In 1857 the world’s first organized soccer team was formed in Yorkshire, England. They called themselves Sheffield FC and would go on to lay the cultural groundwork for what is now the world’s most popular sport. Their jerseys were simple, easily identifiable, red. But that wasn’t the case for long… eventually teams started to take the creative liberties you’d liken to tie-dye shirts and Bon Iver side projects. Jerseys became an ostentatious symbol of what happens when low-art meets professional sports, and to prove that to you, we’ve rounded up 10 of the ugliest and told their relatively untold stories...
10. UNITED STATES OF AMERICA, 1994 AWAY KIT
Two years prior to the MLS forming, America held it’s first, and to-date only, World Cup. This event marked one of the nations most important forays into the global game -- the entire world was watching diligently, and the American team had the reputation of an entire nation at their feet (literally). Knowing this, adidas hilariously created a faux-denim jersey that would forever be a passé scar on US soccer's voguish history. Part-time sorcerer and the team’s star player Alexi Lalas stated, "At first, a lot of us thought the jersey was a joke or a prank. When it dawned on us that was not the case, I was like, 'Oh Crap!' We were already under incredible pressure not to be a laughing stock and someone had thought it was a good idea for us to take the field in faux denim”. Apparently, it was a good idea because they ended up selling around 60,000 replicas of the jersey at stadiums during the World Cup.
9. SAN JOSE CLASH, 1996 HOME KIT
The Clash, and the jersey with colors
that adhere appropriately to their name, took part in the inaugural MLS game, beating D.C. United 1-0. There were 32,000 fans at the match in Spartan Stadium, and they watched the double-threat Melrose Place
"star” Andrew Shue handle the coin toss (#1996). The first goal in MLS history was scored by the Clash’s Eric Wynalda, who was the leading goal scorer for the U.S. Men’s National team until Landon Donovan broke his record in 2008. Also on the field that day was D.C. United midfielder John Harkes, who would go on to be named “Captain for Life” before having an affair with Wynalda’s wife, getting dropped from the team two months before the ’98 World Cup, and always picking Oddjob in GoldenEye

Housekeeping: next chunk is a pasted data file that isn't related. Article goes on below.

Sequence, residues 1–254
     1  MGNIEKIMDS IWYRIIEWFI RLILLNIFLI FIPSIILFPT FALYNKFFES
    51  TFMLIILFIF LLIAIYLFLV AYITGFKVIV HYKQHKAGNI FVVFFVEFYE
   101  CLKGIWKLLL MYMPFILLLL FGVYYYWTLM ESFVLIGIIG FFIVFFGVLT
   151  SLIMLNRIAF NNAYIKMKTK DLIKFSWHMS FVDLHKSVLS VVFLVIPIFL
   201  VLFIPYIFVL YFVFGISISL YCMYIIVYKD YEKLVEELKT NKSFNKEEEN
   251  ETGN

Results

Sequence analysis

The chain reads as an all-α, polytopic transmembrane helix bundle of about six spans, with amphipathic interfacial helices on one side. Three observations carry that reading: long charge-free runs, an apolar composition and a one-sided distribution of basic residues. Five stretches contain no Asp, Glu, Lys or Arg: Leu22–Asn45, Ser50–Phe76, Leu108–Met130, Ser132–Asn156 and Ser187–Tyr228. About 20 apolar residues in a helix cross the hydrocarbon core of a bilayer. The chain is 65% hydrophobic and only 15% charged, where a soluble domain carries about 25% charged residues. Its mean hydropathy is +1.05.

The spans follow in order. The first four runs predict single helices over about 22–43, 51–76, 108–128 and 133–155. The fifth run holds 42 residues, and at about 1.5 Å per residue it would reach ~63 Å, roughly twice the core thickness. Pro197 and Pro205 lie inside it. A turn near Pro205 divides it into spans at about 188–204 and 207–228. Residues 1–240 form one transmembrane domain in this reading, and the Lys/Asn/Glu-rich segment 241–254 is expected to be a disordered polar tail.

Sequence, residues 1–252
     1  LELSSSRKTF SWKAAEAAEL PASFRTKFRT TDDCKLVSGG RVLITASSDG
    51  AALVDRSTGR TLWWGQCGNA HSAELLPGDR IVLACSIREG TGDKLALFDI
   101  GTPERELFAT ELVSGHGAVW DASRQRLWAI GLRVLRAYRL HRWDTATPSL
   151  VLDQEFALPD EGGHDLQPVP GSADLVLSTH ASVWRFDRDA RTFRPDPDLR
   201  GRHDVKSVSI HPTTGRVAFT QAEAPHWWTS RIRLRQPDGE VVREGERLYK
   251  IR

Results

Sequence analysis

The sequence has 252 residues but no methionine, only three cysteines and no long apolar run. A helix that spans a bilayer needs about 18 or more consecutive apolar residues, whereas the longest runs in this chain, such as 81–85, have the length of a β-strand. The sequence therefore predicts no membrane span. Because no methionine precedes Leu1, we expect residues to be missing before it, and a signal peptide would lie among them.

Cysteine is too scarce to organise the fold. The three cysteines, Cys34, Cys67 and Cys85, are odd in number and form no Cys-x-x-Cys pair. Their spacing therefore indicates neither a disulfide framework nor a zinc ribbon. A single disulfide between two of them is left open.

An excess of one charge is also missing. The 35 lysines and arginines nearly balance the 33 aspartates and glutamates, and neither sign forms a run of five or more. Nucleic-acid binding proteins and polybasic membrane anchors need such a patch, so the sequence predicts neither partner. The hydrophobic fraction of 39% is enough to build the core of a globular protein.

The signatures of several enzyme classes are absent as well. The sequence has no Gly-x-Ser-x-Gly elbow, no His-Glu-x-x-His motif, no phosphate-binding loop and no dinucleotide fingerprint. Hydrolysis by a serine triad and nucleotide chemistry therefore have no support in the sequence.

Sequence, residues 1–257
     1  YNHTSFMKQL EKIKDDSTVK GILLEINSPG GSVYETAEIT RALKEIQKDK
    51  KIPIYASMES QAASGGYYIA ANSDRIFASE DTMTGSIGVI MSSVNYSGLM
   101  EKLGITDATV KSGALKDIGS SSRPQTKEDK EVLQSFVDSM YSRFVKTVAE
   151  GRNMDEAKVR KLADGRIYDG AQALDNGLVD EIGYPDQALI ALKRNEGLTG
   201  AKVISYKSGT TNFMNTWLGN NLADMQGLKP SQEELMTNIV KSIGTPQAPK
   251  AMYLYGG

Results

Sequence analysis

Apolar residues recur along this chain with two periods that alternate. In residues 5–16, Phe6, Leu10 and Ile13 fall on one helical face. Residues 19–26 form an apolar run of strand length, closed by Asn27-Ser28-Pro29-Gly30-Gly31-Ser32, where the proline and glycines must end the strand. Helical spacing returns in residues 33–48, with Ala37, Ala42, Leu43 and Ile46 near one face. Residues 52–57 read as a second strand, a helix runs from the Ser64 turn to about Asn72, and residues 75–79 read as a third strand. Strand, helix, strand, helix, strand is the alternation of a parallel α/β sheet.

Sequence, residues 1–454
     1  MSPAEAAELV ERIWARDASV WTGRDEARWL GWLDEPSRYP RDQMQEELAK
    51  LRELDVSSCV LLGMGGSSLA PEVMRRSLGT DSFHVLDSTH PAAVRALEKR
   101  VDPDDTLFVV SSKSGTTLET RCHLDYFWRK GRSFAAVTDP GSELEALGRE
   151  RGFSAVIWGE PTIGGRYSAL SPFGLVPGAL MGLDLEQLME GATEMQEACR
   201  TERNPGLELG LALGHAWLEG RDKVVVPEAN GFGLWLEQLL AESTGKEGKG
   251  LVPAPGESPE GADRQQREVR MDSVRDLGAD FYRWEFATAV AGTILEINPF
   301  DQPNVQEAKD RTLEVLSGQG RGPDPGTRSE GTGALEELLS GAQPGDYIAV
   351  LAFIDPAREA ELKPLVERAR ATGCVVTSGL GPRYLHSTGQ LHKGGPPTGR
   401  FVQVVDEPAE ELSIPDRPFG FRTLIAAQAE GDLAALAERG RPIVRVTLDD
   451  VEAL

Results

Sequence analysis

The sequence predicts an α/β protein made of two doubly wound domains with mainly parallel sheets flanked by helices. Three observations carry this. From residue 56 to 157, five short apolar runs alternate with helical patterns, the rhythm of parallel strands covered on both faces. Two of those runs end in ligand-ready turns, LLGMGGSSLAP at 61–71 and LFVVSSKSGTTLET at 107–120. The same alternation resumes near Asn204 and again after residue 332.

. He's that
8. ENGLAND, 1996 GOALIE KIT
Worn in the 1996 UEFA Championships in England, this goalie shirt is disgusting. Like, all of the Teletubbies were crushed under the weight of David Seaman’s creep-heavy mustache and ended up as a bloody mess on his shirt disgusting. And when he wasn’t busy wearing awful garments and destroying children’s dreams, David Seaman tried his hand at the British quiz show They Think It's All Over, only to be fired a year later and replaced by former Arsenal teammate Ian Wright. To escape that humiliation, he later signed up for Strictly Ice Dancing (the UK, ice skating version of Dancing With The Stars) and totally redeemed his name, and mustache, when he won the competition. Then in a bizarre move that left 17 people around the globe perplexed, he chopped off his ponytail on live TV for charity, effectively ending the talks he was actually having with L’Oreal who were interested in sponsoring his hair. This guy needs his own 30 for 30.
7. DUNDEE UNITED F.C., 1993 HOME KIT
This pitiful excuse of a uniform is better suited for paint ball in the Arctic Circle or a box in your friend’s grandmother’s basement. It looks like someone threw it into a bunch of muddy leaves/twigs, let the dirt set, and, with a slight smirk, nodded to themselves assuredly and muttered “yessss”. Someone, somewhere was paid for doing this, and we salute them. Dundee may be where DMA Design
(now known as Rockstar North) founder David James created his company, but this jersey is more in line with United’s nickname: The Terrors.
6. MEXICO, 1994 GOALIE KIT